COLUMN: The brilliance of Barba – and how one man in particular can learn from him..

The RFL’s ouRLeague app has been a sound introduction into the rugby league landscape this season – barring the way the man of the match award is picked on Sky Sports! – and one great feature they regularly use is called ‘Face Off’.

On it, a Super League coach is asked questions by one of his star players and vice-versa; this week’s instalment featured St Helens boss Justin Holbrook and the mercurial Ben Barba.

Just the mere thought of seeing Barba will be enough to send some Super League fans giddy these days; not least given the way he performed against Salford on Thursday night.

But there was one particular quote from Barba which stood out given events elsewhere this week: “You can only learn from your mistakes, and I’ve made a fair few over my career. You take the enjoyment out of what you’re doing sometimes.”

Barba was specifically referring to his time in French rugby union, and (most probably) the way he ended up in the 15-man code. Let’s strip things back for a minute and call a spade a spade; Ben Barba arrived on these shores a drugs user and with a man who had to serve a significant (albeit not as long as other people) ban for the use of cocaine.

But he will leave, in all eventuality, as one of the finest players to have graced this competition in well over a decade. Maybe, if he continues at the rate he’s going and he’s here for at least one more year, he’ll be regarded as one of the Saints’ – and British rugby league’s – best imports in a generation.

That’s the brilliance of sport. For those 80 minutes each and every week, what happens on the field helps us forget about everything that’s come before, or everything that’s going to happen afterwards. And, much to his immense credit, Barba appears to be showing all the hallmarks of a man who has not only learned from that mistake, but is now enjoying life on and off the field.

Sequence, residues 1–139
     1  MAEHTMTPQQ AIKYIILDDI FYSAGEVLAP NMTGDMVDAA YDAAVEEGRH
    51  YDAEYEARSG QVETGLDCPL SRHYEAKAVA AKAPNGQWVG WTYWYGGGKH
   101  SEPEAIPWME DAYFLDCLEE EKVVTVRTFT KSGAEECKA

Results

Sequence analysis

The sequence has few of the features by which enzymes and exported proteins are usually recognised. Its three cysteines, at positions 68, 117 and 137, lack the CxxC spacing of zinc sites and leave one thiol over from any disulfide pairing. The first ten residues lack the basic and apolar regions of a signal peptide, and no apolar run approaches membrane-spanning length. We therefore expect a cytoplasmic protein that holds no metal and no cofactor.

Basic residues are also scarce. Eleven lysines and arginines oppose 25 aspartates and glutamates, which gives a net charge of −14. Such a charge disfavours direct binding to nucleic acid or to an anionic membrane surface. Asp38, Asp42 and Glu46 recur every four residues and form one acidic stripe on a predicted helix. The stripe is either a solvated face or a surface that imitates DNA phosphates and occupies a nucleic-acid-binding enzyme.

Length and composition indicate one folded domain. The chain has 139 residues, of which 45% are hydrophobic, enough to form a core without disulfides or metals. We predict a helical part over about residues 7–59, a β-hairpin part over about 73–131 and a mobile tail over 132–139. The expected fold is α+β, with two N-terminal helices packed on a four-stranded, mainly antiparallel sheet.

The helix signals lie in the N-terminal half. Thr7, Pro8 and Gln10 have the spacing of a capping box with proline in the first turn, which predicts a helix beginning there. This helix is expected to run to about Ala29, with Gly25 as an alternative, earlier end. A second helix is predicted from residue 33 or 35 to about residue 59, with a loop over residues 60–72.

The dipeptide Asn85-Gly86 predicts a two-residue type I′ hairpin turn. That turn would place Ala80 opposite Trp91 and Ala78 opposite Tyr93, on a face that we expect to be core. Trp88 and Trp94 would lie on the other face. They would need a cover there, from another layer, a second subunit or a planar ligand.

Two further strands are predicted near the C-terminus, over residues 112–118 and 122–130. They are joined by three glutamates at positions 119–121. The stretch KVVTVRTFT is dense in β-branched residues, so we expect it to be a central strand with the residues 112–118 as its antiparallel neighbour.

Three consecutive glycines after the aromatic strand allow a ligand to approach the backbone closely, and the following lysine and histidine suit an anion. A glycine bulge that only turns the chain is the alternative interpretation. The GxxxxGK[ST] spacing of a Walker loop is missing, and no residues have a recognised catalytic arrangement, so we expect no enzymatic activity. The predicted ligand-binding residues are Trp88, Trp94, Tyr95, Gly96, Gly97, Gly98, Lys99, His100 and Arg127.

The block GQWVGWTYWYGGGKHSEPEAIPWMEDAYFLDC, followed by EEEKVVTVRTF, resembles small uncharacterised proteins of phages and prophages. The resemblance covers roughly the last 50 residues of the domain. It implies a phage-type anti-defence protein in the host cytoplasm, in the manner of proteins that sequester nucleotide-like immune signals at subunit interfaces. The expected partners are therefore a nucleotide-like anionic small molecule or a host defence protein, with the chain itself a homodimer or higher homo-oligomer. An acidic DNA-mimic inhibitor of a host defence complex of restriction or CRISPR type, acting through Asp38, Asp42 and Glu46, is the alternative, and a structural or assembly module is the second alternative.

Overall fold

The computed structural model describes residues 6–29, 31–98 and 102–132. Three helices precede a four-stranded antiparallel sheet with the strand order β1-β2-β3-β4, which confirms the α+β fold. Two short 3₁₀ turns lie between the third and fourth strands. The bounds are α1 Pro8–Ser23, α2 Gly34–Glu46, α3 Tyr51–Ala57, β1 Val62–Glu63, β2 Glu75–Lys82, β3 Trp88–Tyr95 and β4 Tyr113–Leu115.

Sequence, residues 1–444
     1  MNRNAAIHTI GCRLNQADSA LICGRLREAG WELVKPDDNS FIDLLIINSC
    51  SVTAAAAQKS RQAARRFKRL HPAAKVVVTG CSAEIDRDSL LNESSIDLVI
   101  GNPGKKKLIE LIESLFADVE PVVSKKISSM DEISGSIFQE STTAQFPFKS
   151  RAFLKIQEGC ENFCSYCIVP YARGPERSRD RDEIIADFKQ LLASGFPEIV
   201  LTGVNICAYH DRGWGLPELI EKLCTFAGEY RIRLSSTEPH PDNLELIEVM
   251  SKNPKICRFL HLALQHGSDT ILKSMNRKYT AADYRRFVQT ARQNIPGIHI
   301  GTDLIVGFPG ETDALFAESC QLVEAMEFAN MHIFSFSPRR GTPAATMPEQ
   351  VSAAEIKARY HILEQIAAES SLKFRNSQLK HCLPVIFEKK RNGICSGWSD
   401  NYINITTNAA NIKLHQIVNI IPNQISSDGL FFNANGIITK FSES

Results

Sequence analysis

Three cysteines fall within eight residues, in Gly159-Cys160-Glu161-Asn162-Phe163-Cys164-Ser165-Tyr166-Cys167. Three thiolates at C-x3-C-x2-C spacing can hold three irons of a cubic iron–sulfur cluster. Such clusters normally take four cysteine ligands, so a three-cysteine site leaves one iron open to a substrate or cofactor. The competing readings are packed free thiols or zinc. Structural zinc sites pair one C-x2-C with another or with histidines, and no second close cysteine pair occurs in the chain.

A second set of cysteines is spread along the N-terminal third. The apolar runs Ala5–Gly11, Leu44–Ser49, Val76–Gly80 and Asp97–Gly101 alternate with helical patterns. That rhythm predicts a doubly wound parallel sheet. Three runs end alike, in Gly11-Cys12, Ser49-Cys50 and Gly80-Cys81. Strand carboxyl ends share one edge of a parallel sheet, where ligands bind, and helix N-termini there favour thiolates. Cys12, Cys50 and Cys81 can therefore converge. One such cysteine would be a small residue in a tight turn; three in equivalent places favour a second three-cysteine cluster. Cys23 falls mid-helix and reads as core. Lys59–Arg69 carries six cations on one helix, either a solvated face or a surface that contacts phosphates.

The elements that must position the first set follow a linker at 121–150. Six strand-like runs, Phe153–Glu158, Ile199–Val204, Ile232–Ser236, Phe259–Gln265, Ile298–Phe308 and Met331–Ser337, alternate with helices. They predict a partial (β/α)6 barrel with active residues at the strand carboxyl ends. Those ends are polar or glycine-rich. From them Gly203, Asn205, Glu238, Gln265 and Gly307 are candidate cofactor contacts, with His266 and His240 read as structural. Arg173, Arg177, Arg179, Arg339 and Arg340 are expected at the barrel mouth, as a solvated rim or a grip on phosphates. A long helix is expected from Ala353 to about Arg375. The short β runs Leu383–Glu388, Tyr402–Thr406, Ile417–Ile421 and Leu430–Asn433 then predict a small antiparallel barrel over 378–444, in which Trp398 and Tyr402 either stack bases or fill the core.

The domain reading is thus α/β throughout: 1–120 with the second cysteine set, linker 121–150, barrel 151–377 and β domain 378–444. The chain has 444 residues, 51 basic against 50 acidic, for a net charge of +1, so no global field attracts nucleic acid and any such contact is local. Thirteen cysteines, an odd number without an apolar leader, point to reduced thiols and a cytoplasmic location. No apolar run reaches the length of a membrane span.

He’ll go home at some point – but for now, Super League should be just glad he’s here for however long that may be. It’s a joy to watch him.

And that’s where another supremely talented fullback comes into the mix. With it now official that Zak Hardaker will be free to play rugby league again by November this year – he remains likely to join Wigan for 2019 – one can only hope Hardaker has taken a step back this week and watched the British public marvel at Barba while he sits on the sidelines with a drugs ban of his own.

For me, the talk about Hardaker’s misdemeanours now come to an end. He’s serving his ban, he knows he has made a mistake and I, for one, am prepared to give him another chance when he does return to rugby league at the end of this year.

Irrespective of the many opinions about the length of ban Hardaker could or should have received, the facts are that 14 months is a long, long time for someone to be prevented from doing the things they love. Last year, while everyone raved about the superlative Super League leaders in Castleford, they paid particular attention to Hardaker, who was at the heartbeat of most things the Tigers did well in 2017 before he failed a drugs test in September.

Hardaker, like Barba, has made more than one mistake in his professional career up to now. Barba has returned from a drugs ban and has shown there is life after the most serious of mistakes.

Let’s not escape the fact that there will have been children – young, aspiring players – who looked up to Hardaker as a role model and may never be able to do the same again. But, crucially, Barba has shown that there is a way to at least restoring some of your reputation. I will quite happily go on the record saying that Hardaker the player, to me, is up there with the best I’ve seen in a long, long time. I truly hope, for his and British rugby league’s sake, he can get back to the levels he has shown in the past.

I’m a big believer in people being allowed to atone for their mistakes. Zak Hardaker has, through his own mistakes and by doing something so many people could never imagine doing once, been robbed of a Super League Grand Final, a World Cup and over a year of his career.

If that – plus the way everyone is currently in adulation of the brilliance of Ben Barba – isn’t motivation to set himself straight and get back to dazzling the rugby league public himself, who knows what will be.